April showers brought May flowers, and May brought a bumper crop of insightful blog posts from across the world of academic medicine. Naturally, the end of the school year brings finals, graduation, and anxiety. Cooper Rowan School of Medicine took on student stress proactively, observing National Stress Awareness Day in conjunction with its Student National Medical Association Chapter. In her post, “Keeping the Doctor Well,” Patricia Vanston, associate dean for program and business development, recounts her recent visit to Vanderbilt University School of Medicine, which has a national reputation for its student wellness programs. You can read more about those in our June 2012 post, “Cultural Change for Students’ Health and Humanity.” As Vanston notes, AAMC research reveals a high prevalence of stress among medical students and can retard the development of their patient engagement skills, so no effort in this area is wasted.
Also along the wellness theme, Stanford Medicine reports on Scope about its efforts to promote healthy eating and a positive body image on college campuses. The “Body Positive” initiative provides youth and adults with tools and strategies to overcome self-destructive eating and exercise behaviors. Its creators worked with a group of 19 students over the past year to change cultural beliefs of beauty and health on campus. Those students helped to devise a curriculum that they then taught to their peers in five different residency programs.
Over at The Doctor’s Tablet, Stephen Baum, MD, senior associate dean for students at Albert Einstein College of Medicine, blogs about the college’s graduation ceremony on May 28, noting that “it is not an end but a beginning.” He writes:
Graduating M.D. students will learn at least as much essential information in their residencies as they have during med school, and the application of that information will take on a real-world significance that it never quite had when they were students. They have the potential to become experts in their fields and will further develop their sense of professionalism and what it means to serve the sick.
Their time will increasingly become less their own, but with continued focus and a bit of luck, their sense of accomplishment and gratification from making “that terrific diagnosis,” occasionally saving a life, doing valuable research and teaching others what they know will make up for that.
Julia McGuinness, a third-year medical student at Baylor College of Medicine, describes poignantly the meaning she finds in medicine as she recounts her first interaction with a patient on the Progress Notes blog. A bond of trust was developed as McGuinness questioned the patient about his life, habits, and family—a bond that eventually persuaded the patient to return to the hospital to get the lifesaving procedure he needed (and feared). Previously having thought of herself as “just a medical student,” McGuinness concludes, “Medical students often feel like imposters playing dress up in doctors’ clothes. Insecurity certainly drives our quest for knowledge, but perhaps we should stand up a little straighter, a little taller, and a little more confident in our short white coats. After all, we’re not JUST medical students.”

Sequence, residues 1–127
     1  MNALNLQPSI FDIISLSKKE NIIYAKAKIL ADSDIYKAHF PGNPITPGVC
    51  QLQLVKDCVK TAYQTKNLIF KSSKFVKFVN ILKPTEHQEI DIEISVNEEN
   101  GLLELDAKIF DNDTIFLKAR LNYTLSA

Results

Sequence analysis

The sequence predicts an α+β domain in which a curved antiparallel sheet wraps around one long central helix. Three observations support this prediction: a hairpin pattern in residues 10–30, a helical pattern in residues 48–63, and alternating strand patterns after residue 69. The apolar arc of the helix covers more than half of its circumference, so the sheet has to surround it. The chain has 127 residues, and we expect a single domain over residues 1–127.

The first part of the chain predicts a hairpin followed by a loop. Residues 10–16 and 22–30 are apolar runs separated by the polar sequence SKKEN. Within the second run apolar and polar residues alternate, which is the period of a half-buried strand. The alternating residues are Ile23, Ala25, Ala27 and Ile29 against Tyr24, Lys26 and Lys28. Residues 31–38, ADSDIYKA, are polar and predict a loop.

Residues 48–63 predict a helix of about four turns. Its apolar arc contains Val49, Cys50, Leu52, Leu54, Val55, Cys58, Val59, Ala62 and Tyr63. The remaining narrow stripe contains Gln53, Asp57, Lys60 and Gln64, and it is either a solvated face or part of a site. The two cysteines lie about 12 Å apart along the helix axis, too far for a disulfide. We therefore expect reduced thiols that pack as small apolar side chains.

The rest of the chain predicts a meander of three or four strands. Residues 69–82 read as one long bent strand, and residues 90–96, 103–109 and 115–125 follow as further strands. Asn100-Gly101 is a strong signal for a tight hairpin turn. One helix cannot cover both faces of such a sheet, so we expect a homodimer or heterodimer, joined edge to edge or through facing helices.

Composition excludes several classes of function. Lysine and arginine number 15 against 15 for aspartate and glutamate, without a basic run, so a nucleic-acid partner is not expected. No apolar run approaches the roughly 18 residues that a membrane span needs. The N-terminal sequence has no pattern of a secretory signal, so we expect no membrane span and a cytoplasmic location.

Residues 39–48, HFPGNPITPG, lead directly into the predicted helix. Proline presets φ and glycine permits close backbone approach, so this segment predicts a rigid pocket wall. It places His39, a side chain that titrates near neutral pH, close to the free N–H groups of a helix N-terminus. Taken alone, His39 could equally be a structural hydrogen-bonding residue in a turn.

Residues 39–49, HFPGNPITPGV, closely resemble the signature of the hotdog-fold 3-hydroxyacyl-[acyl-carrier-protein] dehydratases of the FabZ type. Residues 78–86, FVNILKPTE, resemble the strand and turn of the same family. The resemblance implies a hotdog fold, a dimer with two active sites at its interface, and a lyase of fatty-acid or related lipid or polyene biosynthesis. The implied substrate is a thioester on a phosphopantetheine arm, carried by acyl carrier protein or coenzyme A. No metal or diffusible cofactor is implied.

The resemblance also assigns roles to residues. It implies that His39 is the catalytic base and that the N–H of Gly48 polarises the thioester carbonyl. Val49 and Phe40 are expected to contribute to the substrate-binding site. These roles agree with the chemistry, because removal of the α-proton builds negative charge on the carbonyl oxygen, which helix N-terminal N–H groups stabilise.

As you know, innovation is our thing here at Wing of Zock. We’ve enjoyed two May posts on the subject, and think you will too. Over at ZocDoc’s The Doctor Blog, Elizabeth Chabner Thompson, MD, offers physician entrepreneurs “Eight Tips for Turning Ideas into Innovation.” She notes that the “publish or perish” mentality that persists in academic medicine can severely restrict the “tinkering around” that can lead to innovation. One of her tips: Do reconnaissance work.
AJ Montpetit expands on that theme in his post for the Mayo Clinic Center for Innovation blog, “Three Steps for Observation in Innovation.” We’ll give you the first two: Document; and Synthesize and Interpret. Read the post yourself to get the third step; then you’ll know what to do.
On Academic Life in Emergency Medicine, Brent Thoma tackles the issue of grade inflation and assessment in medical education, noting that 78 percent of U.S. residency program directors think it is a serious problem; 38 percent admitted passing students they believe should have failed. He reviews a systems approach to anesthesiology resident evaluation that was published in 2011 as possibly translatable to emergency medicine residents, and even includes a recording of a Google Hangout with the original article’s author, Keith Baker, MD.
Chart Review is a monthly feature in which the editors at Wing of Zock highlight our favorite blog posts from the previous month. We focus on blogs about academic medicine, whether from the perspective of student, resident, faculty member, dean, or administrator. Medical schools and teaching hospitals provide fertile ground for innovative responses to health care challenges. We are pleased to highlight some of the best here, and hope you will send us your favorites as well. As always, we encourage cross posting.